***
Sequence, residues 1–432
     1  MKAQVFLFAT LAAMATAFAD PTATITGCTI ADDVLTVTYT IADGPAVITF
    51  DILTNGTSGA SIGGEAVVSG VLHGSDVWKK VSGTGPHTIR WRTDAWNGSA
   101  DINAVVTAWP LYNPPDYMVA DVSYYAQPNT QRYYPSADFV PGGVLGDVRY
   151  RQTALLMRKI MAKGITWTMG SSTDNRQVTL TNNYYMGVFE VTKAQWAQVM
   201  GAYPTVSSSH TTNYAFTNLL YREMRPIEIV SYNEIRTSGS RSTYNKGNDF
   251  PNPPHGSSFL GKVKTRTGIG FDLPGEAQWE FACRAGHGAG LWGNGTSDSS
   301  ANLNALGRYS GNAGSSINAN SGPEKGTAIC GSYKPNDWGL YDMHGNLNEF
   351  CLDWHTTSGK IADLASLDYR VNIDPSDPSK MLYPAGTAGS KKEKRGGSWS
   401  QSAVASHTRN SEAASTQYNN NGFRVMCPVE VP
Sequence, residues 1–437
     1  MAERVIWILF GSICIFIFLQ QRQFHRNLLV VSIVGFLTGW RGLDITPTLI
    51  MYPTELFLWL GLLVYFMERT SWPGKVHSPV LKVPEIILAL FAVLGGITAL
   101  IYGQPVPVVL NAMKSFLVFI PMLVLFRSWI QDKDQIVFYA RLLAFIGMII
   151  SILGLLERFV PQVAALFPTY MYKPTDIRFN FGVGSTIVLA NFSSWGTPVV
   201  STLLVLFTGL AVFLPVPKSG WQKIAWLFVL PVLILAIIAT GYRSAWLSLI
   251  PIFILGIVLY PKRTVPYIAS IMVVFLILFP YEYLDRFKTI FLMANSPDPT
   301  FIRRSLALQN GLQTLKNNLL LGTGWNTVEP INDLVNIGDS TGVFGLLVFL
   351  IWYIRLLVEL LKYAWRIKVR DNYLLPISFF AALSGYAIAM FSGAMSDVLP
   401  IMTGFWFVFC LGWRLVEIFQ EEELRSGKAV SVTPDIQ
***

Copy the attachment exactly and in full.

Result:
Sequence, residues 1–432
     1  MKAQVFLFAT LAAMATAFAD PTATITGCTI ADDVLTVTYT IADGPAVITF
    51  DILTNGTSGA SIGGEAVVSG VLHGSDVWKK VSGTGPHTIR WRTDAWNGSA
   101  DINAVVTAWP LYNPPDYMVA DVSYYAQPNT QRYYPSADFV PGGVLGDVRY
   151  RQTALLMRKI MAKGITWTMG SSTDNRQVTL TNNYYMGVFE VTKAQWAQVM
   201  GAYPTVSSSH TTNYAFTNLL YREMRPIEIV SYNEIRTSGS RSTYNKGNDF
   251  PNPPHGSSFL GKVKTRTGIG FDLPGEAQWE FACRAGHGAG LWGNGTSDSS
   301  ANLNALGRYS GNAGSSINAN SGPEKGTAIC GSYKPNDWGL YDMHGNLNEF
   351  CLDWHTTSGK IADLASLDYR VNIDPSDPSK MLYPAGTAGS KKEKRGGSWS
   401  QSAVASHTRN SEAASTQYNN NGFRVMCPVE VP
Sequence, residues 1–437
     1  MAERVIWILF GSICIFIFLQ QRQFHRNLLV VSIVGFLTGW RGLDITPTLI
    51  MYPTELFLWL GLLVYFMERT SWPGKVHSPV LKVPEIILAL FAVLGGITAL
   101  IYGQPVPVVL NAMKSFLVFI PMLVLFRSWI QDKDQIVFYA RLLAFIGMII
   151  SILGLLERFV PQVAALFPTY MYKPTDIRFN FGVGSTIVLA NFSSWGTPVV
   201  STLLVLFTGL AVFLPVPKSG WQKIAWLFVL PVLILAIIAT GYRSAWLSLI
   251  PIFILGIVLY PKRTVPYIAS IMVVFLILFP YEYLDRFKTI FLMANSPDPT
   301  FIRRSLALQN GLQTLKNNLL LGTGWNTVEP INDLVNIGDS TGVFGLLVFL
   351  IWYIRLLVEL LKYAWRIKVR DNYLLPISFF AALSGYAIAM FSGAMSDVLP
   401  IMTGFWFVFC LGWRLVEIFQ EEELRSGKAV SVTPDIQ